On March 7, 2018, the Indiana Court of Appeals reversed a trial court ruling that a subrogated insurer was not a “real party in interest” for purposes of pursuing a breach of contract claim against its insured’s tenant. In Hoosier Insurance Co. v. Riggs, the court held this type of subrogation action should be considered on a case-by-case approach, instead of there being an absolute rule, with consideration being given to the terms of the lease existing between the parties.
In Hoosier, a landlord’s insurer sought to recover for fire damage allegedly caused by the defendant tenants. Pursuant to the lease agreement between the landlord and tenants, the premises were to be returned at the end of the lease term in as good condition as when the lease commenced, and the tenants were required to obtain fire insurance which listed the landlord as an additional insured under the policy.
In the underlying action, the trial court dismissed the breach of contract claim, determining that a subrogated insurer was not a landlord as defined by Indiana Code Section 32-31-3-3 and, therefore, was not a Trial Rule 17(A) “real party in interest” entitled to pursue a breach of contract claim.
Upon review, the Indiana Court of Appeals determined it was not a certainty the plaintiff was not entitled to any relief, as the lease needed to be considered to evaluate the parties’ intent regarding the appropriate party to bear the risk of fire loss. The Hoosier court relied upon LBM Realty, LLC v. Mannia, which stated: “if a lease obligates a tenant to procure insurance covering a particular loss, such a provision will provide evidence that the parties reasonably anticipated that the tenant would be liable for that particular loss, which would allow another insurer who pays the loss to bring a subrogation action against the tenant.”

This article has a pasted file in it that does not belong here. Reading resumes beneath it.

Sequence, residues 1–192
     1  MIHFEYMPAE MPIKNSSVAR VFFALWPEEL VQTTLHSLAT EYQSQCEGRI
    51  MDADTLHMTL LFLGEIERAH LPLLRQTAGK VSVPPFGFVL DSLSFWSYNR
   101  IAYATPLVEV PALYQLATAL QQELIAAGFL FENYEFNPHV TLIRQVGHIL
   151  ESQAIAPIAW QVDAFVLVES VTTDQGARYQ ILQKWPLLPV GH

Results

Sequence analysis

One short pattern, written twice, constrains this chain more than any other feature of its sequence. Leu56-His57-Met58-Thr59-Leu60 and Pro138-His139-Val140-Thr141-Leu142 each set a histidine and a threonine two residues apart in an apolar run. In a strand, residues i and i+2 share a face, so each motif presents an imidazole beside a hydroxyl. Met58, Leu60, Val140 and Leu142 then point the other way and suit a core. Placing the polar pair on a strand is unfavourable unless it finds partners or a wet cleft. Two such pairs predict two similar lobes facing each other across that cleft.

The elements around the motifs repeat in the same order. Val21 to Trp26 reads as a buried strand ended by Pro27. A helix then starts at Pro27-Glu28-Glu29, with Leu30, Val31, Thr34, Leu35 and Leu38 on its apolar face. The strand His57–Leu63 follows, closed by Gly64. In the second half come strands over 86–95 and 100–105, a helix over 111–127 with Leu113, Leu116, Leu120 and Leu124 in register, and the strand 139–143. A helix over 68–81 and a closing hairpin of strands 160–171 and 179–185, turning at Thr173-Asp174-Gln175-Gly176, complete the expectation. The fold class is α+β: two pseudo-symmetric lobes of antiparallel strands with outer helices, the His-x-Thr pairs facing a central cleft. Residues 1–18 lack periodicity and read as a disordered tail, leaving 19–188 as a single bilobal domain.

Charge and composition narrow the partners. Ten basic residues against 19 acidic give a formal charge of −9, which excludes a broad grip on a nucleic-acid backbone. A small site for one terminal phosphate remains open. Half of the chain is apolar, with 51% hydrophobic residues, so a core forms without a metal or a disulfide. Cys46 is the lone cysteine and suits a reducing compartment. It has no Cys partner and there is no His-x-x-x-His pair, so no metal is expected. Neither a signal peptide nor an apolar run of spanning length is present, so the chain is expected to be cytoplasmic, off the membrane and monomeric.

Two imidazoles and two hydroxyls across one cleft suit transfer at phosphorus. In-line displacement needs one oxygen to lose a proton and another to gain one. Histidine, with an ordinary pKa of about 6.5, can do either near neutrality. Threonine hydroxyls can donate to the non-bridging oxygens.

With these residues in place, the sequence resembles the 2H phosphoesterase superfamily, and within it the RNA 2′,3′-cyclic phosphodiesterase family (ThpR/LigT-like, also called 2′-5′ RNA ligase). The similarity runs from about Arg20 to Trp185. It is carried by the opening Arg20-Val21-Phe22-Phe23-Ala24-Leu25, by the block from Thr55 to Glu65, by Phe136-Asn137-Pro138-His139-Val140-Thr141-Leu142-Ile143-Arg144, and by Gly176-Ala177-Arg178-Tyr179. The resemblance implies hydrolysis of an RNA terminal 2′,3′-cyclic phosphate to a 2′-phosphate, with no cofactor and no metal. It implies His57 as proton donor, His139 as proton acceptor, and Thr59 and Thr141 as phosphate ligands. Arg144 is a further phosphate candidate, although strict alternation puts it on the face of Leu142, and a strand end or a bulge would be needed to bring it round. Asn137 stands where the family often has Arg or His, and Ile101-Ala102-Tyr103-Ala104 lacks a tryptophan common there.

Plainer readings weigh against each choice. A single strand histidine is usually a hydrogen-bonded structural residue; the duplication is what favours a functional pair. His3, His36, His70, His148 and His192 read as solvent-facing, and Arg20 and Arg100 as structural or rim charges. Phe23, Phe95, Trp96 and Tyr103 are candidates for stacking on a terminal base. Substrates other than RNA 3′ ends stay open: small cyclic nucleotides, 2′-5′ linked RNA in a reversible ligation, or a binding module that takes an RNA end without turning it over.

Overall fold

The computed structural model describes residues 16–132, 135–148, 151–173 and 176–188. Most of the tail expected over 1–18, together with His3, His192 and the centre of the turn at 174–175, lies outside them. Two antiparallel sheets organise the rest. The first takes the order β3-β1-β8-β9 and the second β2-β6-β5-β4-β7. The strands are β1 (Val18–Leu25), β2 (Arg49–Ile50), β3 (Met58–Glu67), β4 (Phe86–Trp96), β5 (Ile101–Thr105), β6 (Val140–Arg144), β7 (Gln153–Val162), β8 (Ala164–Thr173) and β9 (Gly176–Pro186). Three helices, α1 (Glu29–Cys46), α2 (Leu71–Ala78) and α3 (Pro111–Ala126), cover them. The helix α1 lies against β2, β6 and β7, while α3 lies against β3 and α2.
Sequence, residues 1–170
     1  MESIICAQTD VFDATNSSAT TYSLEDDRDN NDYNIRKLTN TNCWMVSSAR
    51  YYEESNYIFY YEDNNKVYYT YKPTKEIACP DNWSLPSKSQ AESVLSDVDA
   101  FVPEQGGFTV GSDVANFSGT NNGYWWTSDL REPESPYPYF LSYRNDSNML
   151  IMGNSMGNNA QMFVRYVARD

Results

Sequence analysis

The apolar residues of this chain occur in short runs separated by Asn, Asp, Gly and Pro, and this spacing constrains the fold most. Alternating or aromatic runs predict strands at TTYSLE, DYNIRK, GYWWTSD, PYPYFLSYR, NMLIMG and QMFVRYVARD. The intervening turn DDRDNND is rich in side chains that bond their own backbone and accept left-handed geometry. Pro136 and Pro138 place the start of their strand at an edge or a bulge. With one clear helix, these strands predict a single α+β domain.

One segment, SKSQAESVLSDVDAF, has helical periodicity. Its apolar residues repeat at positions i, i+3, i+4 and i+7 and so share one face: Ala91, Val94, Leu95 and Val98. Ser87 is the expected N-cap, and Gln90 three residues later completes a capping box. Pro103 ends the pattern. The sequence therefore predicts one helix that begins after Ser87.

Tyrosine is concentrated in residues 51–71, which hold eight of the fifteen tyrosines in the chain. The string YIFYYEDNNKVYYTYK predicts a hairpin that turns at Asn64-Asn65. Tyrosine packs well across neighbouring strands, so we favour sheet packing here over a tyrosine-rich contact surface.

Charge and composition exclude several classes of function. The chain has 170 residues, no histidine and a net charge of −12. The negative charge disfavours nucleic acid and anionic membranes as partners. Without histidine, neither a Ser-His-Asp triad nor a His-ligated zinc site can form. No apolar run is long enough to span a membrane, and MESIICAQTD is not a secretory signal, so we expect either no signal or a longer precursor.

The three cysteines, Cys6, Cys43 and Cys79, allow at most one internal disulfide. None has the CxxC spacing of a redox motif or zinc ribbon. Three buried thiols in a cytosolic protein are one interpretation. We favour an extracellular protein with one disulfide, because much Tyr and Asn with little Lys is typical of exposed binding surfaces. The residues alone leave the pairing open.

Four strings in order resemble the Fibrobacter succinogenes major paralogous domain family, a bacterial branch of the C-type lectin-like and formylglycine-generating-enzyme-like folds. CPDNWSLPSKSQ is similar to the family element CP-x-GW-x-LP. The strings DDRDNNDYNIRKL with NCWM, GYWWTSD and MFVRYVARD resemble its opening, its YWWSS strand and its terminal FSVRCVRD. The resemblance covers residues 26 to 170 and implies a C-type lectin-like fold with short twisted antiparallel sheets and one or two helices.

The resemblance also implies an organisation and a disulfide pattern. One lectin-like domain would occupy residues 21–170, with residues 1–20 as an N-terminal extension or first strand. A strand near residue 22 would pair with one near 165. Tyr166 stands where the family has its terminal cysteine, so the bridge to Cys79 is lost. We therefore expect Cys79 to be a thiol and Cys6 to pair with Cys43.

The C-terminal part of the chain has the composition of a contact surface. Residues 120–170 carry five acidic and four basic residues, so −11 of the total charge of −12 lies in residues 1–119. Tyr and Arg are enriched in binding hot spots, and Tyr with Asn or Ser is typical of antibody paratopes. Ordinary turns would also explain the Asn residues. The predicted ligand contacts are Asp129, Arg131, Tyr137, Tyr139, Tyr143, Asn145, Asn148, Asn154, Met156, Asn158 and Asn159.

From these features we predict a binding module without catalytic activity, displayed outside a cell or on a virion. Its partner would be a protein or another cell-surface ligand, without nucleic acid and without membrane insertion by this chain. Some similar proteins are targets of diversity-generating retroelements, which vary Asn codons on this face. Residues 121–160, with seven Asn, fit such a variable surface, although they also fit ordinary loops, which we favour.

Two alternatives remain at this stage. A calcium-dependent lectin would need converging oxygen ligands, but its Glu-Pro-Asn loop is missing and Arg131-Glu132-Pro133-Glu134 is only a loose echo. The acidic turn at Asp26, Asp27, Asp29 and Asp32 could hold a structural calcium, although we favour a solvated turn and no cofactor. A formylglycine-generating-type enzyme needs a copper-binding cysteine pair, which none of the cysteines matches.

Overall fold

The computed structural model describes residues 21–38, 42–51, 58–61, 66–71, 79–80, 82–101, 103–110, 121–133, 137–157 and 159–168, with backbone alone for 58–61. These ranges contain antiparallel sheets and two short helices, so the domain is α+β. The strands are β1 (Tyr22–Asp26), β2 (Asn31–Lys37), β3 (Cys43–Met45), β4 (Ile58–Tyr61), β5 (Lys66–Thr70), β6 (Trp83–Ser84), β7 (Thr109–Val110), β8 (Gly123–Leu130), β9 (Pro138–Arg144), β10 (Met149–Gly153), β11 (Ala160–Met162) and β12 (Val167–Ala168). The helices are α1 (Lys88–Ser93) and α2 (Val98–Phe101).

The Hoosier court remanded and directed the trial court to analyze the lease and all other relevant and admissible evidence to determine the parties’ expectations and weigh and balance the equities to determine the Defendants’ liability for the damage to the premises.
In evaluating the subrogation potential for landlord/tenant claims, insurers must first obtain and examine the lease. If the lease does not clearly place the risk of loss on the tenant, an insurer might be precluded from seeking recovery even in cases of clear negligence. Residential leases are often cobbled together by landlords from form contracts and sometimes simply do not address the risk of loss and the maintenance of fire insurance.
Attorneys at Rolfes Henry have decades of experience in handling subrogation actions all across the United States. We look forward to assisting you on future subrogation matters.